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From "Robert Engels" <reng...@ix.netcom.com>
Subject RE: major searching performance improvement
Date Wed, 25 May 2005 22:08:28 GMT
I will look at separating it out. I wanted to get initial feedback before
moving on.

1. I agree that the initialValue() is the way to go. I'll make the changes.

2. I agree that creating NioFSDirectory rather than modifying FSDirectory. I
originally felt the memory mapped files would be the fastest, but it also
requires OS calls, the "caching" code is CONSIDERABLY faster, since it does
not need to do any JNI, or make OS calls.

3. I think a "simple" fix for the case you cite, is to add an additional
'max size' parameter, which controls the maximum size of the cache for each
'segment file', so using the mergeFactor, and compound files, you can easily
compute what this max would be based on available memory and expected index
size (number of files). The problem with a SoftCache and indices of that
size, is that the JVM memory consumption would still grow to the limit
before it discarded anything (which may be ideal in some cases).

As for creating a CachingDirectory that can cache any directory that should
be feasible as well, but I am not sure it would perform as well as the
direct internal cache version.

Robert

-----Original Message-----
From: Doug Cutting [mailto:cutting@apache.org]
Sent: Wednesday, May 25, 2005 4:20 PM
To: java-dev@lucene.apache.org
Subject: Re: major searching performance improvement


Robert Engels wrote:
> Attached are files that dramatically improve the searching performance
> (2x improvement on several hardware configurations!) in a multithreaded,
> high concurrency environment.

This looks like some good stuff!  Can you perhaps break it down into
independent, layered patches?  That way it would be easier to discuss
and integrate them.

> The change has 3 parts:
>
> 1) remove synchronization required in SegmentReader document. This
> required changes to FieldsReader to handle concurrent access.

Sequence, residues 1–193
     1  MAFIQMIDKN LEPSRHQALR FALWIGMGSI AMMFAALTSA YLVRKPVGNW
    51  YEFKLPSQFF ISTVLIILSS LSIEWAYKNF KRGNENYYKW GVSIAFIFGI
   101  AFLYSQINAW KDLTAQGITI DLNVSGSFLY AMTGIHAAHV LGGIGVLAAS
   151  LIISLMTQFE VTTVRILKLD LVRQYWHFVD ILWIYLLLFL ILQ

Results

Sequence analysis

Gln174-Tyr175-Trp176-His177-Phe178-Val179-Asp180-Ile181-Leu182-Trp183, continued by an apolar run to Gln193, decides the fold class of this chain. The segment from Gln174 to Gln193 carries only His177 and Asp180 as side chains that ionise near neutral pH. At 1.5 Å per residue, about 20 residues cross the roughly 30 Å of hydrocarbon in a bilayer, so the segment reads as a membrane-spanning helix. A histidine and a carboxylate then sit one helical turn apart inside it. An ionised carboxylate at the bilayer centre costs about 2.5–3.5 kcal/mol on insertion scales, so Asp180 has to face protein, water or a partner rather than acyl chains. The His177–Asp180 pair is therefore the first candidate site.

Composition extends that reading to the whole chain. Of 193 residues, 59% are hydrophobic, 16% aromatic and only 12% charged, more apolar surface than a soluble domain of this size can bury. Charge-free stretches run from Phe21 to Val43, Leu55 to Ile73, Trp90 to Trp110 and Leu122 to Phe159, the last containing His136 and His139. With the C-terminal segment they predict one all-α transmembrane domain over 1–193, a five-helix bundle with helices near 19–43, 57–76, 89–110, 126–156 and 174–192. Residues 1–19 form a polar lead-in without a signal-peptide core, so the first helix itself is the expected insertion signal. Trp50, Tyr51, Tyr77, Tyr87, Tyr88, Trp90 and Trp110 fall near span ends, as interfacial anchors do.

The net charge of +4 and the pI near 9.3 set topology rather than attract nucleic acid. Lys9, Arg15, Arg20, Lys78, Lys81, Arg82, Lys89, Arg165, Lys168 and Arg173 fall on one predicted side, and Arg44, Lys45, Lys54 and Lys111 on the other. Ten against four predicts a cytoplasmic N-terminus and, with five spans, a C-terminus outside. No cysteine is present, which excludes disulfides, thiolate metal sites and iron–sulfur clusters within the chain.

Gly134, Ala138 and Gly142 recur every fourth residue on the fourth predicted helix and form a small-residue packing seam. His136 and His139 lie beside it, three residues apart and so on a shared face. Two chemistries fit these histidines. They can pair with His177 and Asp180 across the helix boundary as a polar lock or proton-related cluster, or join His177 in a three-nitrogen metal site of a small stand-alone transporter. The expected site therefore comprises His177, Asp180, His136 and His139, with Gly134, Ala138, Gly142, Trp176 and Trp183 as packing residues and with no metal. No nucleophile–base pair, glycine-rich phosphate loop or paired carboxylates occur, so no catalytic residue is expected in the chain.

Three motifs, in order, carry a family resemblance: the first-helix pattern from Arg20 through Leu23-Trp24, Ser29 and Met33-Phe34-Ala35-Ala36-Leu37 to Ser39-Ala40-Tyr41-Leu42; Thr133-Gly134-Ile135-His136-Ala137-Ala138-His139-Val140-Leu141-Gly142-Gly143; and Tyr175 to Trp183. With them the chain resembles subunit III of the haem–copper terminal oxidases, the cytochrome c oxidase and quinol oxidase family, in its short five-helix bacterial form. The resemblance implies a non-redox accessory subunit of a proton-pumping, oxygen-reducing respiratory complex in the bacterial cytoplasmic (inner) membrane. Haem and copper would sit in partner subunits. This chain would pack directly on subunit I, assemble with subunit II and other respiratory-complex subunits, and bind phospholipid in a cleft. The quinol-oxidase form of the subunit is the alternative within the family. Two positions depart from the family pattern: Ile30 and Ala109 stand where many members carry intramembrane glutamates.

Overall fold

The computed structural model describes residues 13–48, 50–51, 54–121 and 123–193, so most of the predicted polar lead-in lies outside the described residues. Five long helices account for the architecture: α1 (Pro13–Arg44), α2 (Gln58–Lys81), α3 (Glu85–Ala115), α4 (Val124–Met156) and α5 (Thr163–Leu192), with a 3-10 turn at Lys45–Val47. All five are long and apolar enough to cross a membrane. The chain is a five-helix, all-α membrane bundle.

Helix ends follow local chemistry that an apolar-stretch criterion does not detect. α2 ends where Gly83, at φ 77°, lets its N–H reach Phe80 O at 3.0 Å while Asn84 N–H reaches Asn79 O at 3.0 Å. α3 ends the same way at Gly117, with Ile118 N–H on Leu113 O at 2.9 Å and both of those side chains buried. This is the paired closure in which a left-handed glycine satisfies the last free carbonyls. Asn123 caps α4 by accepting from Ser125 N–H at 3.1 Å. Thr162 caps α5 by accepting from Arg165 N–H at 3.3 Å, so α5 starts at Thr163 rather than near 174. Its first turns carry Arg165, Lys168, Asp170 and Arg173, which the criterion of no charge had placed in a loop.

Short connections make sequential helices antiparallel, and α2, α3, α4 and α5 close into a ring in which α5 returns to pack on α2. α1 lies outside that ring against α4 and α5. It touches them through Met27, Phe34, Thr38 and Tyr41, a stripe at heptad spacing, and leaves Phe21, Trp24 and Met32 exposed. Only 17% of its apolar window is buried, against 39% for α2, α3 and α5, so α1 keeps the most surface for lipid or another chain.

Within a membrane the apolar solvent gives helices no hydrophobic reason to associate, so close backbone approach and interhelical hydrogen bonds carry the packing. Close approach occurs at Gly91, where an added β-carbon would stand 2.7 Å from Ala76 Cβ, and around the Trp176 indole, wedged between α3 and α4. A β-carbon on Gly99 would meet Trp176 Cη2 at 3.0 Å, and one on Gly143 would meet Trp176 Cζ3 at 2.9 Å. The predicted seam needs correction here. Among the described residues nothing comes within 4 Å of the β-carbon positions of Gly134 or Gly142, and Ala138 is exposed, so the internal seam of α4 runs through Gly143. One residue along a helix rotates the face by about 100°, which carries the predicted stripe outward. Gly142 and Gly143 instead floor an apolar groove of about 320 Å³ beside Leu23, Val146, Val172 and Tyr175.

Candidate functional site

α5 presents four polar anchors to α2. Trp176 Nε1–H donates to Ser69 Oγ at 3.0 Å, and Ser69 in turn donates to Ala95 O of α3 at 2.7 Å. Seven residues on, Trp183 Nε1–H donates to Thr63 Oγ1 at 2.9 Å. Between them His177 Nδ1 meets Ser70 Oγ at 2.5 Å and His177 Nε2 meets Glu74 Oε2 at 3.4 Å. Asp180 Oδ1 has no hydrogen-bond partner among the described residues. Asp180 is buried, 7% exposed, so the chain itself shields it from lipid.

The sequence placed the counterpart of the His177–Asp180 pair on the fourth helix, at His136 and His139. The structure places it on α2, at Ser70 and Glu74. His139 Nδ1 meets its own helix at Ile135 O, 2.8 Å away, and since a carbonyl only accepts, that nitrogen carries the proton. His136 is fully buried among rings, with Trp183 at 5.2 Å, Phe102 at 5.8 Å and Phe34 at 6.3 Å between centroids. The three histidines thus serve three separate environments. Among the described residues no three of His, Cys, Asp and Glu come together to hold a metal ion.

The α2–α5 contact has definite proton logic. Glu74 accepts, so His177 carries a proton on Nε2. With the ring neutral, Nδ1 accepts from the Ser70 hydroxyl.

This makes good sense.  Stylistically, I would prefer the cloning be
done in ThreadLocal.initialValue().  That way if another method ever
needs the input streams the cloning code need not be altered.

> 2) change FSDirectory to use a 'nio' to improve concurrency. Changed to
> use NioFile. This class has some workaround because under Windows, the
> FileChannel is not fully reentrant, and so allocates multiple handles
> per physical file - this code can be removed under non-Windows
> systems. This also required changes to InputStream to allow for reading
> at a direct offset.

Could you please explore making this a new Directory class, extending
rather than replacing FSDirectory?  That would make it easier for folks
to evaluate.  Look at MMapDirectory for an example.

Also, did you compare the performance of this to MMapDirectory?  That
already uses nio, and should thus avoid the thread contention of
FSDirectory.  However it does not scale well on 32-bit machines whose
address space limits indexes to 4GB.

Finally, for Windows-specific code, you can check
org.apache.lucene.util.Constants.WINDOWS at runtime.

> 3) move disk buffering into the Java layer to avoid the overhead of OS
> calls. The buffer percentage can be configured to store the entire index
> in memory. Running with as little as a 10% cache, the performance is
> dramatically improved. Reading larger blocks also improves the
> performance in most cases, but can actually degrade performance if doing
> very small reads. Using the cache implies that you have configured the
> JVM to have as much heap space available as the percent of index size on
> the disk. The NioFile can be easily changed to use a "soft" cache to
> avoid the potential of OutOfMemoryExceptions.

It would be nice if this functionality could be layered on any
Directory.  Did you consider making a CachingDirectory that one can wrap
around an existing Directory implementation, that keeps an LRU cache of
data?  Even 10% by default will probably break a lot of applications.
At the Internet Archive I frequently search indexes 100GB gigabyte
indexes on machines with just 1GB of RAM.  So I am leery of enabling
this by default.

Cheers,

Doug

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